Problem P
Closing the Borders

After an epidemic hit most of Europe, countries have started announcing closures of their borders for travel. This is a problem for you, since you are currently on vacation in France, far away from your home in Sweden. You hope to get home before enough borders close so that you can no longer travel.

Through deep political analysis, you have determined that the closure of a given country’s borders can be modelled in the following way. At some day $s_ i$, the $i$’th country will announce that it plans to close its border no later than day $t_ i$. At day $s_ i \le x \le t_ i$, the probability that the country will have closed their borders by then is $\frac{x - s_ i}{t_ i - s_ i}$. If a country closes down its border on a given day, no flights to or from that country will depart on that or any later day. It is currently day $1$.

You are currently in country $0$ and want to get to country $N - 1$. There are a number of one-directional flights that leave daily, that you can use. Since you suspect that all the flights will soon become fully booked, you want to book a single itinerary home, using one or more flights. Each flight leaves in the evening and arrives in the morning the next day. Note that even if the destination of a flight leaving on day $d$ closes its borders on day $d + 1$, the plane is still allowed to land.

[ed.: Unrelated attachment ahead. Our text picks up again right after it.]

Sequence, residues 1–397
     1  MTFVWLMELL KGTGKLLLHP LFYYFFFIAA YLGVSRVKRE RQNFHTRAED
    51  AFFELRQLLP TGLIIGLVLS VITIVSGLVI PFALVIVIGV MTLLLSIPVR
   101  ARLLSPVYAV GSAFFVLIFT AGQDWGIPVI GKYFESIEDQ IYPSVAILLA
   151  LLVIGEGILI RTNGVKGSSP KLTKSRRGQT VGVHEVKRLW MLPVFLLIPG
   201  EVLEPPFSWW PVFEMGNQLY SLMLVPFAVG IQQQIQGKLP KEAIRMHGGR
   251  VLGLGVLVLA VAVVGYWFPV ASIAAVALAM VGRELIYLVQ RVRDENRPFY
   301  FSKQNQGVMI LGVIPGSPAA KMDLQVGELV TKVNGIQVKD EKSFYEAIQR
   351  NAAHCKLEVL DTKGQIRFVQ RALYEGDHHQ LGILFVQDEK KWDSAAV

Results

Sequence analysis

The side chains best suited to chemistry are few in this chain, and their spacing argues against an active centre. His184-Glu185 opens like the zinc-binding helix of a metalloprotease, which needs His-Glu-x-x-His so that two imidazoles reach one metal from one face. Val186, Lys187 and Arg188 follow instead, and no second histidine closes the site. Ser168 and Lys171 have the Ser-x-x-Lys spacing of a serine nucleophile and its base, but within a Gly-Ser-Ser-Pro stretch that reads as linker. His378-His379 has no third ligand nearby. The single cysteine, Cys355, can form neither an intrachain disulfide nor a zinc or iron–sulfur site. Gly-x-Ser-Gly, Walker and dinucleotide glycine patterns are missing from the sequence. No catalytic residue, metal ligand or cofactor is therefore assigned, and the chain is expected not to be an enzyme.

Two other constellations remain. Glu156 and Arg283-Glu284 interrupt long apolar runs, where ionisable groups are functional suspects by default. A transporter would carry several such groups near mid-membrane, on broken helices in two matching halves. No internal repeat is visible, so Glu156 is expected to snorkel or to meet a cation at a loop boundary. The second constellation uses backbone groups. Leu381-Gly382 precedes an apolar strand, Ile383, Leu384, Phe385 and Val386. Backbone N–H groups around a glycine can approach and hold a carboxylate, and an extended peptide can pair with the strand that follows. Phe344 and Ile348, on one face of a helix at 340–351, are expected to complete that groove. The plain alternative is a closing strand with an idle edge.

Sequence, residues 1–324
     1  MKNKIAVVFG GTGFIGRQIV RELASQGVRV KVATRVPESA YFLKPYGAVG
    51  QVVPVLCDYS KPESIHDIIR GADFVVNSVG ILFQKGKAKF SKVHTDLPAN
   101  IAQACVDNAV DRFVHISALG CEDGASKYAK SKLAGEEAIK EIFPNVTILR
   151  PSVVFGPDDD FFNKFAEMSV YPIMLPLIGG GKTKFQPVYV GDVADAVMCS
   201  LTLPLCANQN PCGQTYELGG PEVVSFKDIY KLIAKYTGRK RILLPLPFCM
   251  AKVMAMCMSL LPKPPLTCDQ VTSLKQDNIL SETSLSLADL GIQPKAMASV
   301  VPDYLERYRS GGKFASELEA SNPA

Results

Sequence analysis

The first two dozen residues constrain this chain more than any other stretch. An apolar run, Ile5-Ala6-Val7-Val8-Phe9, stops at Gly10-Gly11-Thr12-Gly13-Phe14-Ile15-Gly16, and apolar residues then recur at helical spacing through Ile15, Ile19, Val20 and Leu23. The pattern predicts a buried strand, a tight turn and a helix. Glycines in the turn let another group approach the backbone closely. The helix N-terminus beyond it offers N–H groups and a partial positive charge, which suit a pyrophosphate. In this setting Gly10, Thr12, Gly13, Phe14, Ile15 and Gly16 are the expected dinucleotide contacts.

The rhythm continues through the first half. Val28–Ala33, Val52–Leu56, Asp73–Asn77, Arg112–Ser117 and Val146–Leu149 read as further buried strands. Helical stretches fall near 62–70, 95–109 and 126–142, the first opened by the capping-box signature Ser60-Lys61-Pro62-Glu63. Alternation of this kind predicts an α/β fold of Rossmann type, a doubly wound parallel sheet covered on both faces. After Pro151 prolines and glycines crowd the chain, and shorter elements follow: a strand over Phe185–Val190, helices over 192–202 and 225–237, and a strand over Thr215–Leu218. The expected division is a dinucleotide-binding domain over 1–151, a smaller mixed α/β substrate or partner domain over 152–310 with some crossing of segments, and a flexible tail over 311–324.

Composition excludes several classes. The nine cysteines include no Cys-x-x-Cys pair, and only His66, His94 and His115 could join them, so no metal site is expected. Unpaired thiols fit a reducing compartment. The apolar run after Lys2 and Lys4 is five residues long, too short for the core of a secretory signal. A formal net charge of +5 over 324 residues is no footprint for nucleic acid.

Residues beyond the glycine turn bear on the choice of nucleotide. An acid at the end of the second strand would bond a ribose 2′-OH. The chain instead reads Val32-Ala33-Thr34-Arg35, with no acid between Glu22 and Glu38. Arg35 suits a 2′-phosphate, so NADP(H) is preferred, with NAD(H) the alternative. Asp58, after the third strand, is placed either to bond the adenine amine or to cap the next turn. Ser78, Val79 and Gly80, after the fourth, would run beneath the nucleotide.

If you pick an optimal sequence of flights, what is the probability that it will take you home?


The first line of the input contains two integers $N$ ($2 \le N \le 100$) and $M$ ($1 \le M \le N(N-1)$) – the number of countries and the number of flights.

The next $N$ lines contains the integers $s_ i$ and $t_ i$ ($1 \le s_ i < t_ i \le 10^9$) for each country, in order $0$ to $N - 1$.

The final $M$ lines contains, for each flight, the start and destinations $s$ and $d$ ($0 \le s \neq d < N$) of a flight. There will be at most one flight between a given pair of countries.


Output a single decimal number – the highest probability that you will get home, if you pick an optimal sequences of flights.

Your answer will be considered correct if you have an absolute error of at most ${10}^{-6}$.

Sample Input 1 Sample Output 1
3 2
1 3
1 3
1 3
0 1
1 2

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